The marine animals have very short lives, generally lasting only a few years long and sometimes as short as 6 months. They spend their youth alone, eating and growing before reaching sexual maturity.
In this episode of the Free Radical Media podcast, herbalist Susun Weed joins the crew to discuss the methods and philosophy of natural healing. The leading voice in the Wise Woman tradition of healing, Susun Weed is the author of the Wise Woman Herbalist series of books as well as an educator and lecturer. She discusses the “Three Traditions of Healing,” the philosophy of natural and “wholeistic” medicine, and the usefullness of herbal supplements in this lively episode.
Susun can be reached via her website.
Who needs Science Fiction, when we have this?
We finally managed to video the first Xenesthis sp White while it was molting. It took a total of 10 hours to complete. Fortunately for the viewers the tarantula actually molted up-right allowing me to capture a very detailed carapace. Seems like this is the first video of this species so enjoy.
h/t IFL Science.
So, what the hell is happening here? Luckily IFL Science has the answer:
Ice shoves occur when strong winds or currents force the ice from the water’s surface to go on land. These events are also called “ice tsunamis” because of the way they come on land, but ice shoves are closer to icebergs than tsunamis in how they work.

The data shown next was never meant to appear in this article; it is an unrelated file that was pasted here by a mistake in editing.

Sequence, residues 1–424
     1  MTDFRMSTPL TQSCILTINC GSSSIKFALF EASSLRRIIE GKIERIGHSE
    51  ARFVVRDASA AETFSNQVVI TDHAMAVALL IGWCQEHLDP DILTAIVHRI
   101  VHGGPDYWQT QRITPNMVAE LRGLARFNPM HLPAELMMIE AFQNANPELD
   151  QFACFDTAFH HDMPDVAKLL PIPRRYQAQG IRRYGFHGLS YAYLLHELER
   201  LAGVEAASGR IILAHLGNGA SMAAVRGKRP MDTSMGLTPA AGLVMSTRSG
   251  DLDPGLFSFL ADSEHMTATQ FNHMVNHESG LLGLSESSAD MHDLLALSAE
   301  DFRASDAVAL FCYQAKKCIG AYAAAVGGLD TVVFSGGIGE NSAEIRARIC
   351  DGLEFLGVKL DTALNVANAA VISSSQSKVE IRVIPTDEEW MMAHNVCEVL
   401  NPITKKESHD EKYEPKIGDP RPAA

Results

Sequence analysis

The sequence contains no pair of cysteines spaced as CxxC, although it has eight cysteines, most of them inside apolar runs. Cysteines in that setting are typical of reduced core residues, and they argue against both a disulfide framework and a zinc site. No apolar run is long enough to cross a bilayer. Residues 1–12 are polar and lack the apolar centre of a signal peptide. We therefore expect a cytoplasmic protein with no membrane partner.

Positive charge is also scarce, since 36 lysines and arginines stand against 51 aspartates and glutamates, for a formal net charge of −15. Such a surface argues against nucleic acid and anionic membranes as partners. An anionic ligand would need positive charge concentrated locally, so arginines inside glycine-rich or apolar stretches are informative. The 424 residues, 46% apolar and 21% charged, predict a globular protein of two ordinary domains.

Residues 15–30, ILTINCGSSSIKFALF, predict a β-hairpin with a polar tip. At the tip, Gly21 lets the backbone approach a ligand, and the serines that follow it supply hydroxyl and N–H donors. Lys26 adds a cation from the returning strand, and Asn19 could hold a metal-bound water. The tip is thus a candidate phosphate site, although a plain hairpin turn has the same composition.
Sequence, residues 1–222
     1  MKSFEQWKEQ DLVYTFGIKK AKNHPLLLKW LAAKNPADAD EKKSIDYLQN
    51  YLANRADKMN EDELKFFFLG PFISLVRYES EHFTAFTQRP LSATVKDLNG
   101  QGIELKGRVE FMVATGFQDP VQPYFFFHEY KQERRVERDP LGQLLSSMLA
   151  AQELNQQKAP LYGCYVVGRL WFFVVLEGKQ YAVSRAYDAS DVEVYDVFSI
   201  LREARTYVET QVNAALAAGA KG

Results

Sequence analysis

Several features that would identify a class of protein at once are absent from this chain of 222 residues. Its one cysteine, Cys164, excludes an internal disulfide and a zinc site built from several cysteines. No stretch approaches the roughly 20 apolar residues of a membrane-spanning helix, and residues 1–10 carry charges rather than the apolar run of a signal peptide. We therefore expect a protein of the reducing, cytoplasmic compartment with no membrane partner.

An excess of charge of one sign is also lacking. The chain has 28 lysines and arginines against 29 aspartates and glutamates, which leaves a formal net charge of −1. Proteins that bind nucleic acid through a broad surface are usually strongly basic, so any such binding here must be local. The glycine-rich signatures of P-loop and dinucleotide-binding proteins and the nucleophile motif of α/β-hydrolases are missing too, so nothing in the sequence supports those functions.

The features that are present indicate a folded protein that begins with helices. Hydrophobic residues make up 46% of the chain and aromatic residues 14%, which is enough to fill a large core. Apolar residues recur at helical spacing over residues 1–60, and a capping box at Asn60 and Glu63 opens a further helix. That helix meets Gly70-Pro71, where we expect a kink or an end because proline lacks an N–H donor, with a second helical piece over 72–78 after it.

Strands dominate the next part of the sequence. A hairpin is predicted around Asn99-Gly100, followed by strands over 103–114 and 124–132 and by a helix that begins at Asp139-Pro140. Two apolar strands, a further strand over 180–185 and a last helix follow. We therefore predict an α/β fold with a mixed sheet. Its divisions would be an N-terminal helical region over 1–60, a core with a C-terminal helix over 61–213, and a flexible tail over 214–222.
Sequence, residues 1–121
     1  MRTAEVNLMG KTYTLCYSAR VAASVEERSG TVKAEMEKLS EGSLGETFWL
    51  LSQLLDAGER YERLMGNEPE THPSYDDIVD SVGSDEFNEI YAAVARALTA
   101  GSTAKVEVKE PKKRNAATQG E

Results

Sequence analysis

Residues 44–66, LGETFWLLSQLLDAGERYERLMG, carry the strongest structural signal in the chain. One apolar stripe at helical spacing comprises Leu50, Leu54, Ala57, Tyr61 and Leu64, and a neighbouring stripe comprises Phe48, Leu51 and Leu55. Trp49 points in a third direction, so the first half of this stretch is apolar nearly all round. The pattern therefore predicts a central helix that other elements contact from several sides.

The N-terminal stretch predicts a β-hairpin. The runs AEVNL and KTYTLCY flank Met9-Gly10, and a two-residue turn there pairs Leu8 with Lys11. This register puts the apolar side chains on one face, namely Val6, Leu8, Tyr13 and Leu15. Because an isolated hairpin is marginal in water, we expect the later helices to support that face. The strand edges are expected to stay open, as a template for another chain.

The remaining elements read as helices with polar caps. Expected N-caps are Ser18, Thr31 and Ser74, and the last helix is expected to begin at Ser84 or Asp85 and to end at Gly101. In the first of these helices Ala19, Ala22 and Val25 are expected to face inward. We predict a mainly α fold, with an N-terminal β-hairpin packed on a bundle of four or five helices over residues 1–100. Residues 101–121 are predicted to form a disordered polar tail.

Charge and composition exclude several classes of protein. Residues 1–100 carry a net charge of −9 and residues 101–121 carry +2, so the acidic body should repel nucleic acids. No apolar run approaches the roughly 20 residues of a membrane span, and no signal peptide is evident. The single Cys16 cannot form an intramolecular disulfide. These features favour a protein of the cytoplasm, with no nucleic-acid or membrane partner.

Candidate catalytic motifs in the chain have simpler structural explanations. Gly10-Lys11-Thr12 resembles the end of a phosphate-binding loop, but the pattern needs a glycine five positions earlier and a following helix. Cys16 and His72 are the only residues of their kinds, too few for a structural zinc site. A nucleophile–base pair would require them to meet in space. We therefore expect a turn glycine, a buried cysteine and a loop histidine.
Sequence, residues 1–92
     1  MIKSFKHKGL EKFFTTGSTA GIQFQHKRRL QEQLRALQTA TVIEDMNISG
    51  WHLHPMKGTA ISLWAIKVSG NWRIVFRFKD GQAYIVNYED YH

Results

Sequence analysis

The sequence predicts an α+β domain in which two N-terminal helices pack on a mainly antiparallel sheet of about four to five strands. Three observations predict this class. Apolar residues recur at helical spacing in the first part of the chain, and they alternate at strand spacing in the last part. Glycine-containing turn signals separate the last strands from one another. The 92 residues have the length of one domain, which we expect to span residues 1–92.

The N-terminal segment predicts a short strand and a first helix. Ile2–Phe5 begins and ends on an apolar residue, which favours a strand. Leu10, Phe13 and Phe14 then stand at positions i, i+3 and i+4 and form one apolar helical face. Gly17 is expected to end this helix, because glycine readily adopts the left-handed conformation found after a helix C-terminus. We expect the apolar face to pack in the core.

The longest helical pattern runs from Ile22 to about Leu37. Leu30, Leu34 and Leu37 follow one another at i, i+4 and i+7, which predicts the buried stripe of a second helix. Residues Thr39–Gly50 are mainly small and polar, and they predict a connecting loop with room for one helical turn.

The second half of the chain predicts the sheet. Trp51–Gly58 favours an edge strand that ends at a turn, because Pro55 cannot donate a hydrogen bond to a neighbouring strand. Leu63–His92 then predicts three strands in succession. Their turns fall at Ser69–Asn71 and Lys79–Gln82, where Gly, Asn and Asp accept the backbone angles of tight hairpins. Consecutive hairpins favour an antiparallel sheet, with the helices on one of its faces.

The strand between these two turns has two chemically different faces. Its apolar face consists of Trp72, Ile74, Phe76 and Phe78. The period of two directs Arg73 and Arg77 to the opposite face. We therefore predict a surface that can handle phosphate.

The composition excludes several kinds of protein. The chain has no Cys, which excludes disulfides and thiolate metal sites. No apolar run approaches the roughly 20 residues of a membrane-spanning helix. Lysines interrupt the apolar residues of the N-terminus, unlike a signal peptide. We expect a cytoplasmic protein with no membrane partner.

The force from the ice shove can be powerful enough to knock over trees, houses, and docks that stand in its way.
Ilima Loomis writes at openDemocracy:
… Read the rest
In 1989, ‘acoustic ecologist’ Gordon Hempton received a grant to document and record the natural sounds of the state of Washington in the USA. He identified 21 wilderness places to record—sites unsullied by the sounds of traffic, aviation, construction, and other human-made noise. Twenty-five years later, only three of those sites remain muted.
Little by little, our world is becoming louder, with the creeping spread of noise pollution infiltrating our homes, our workplaces, and even our wilderness.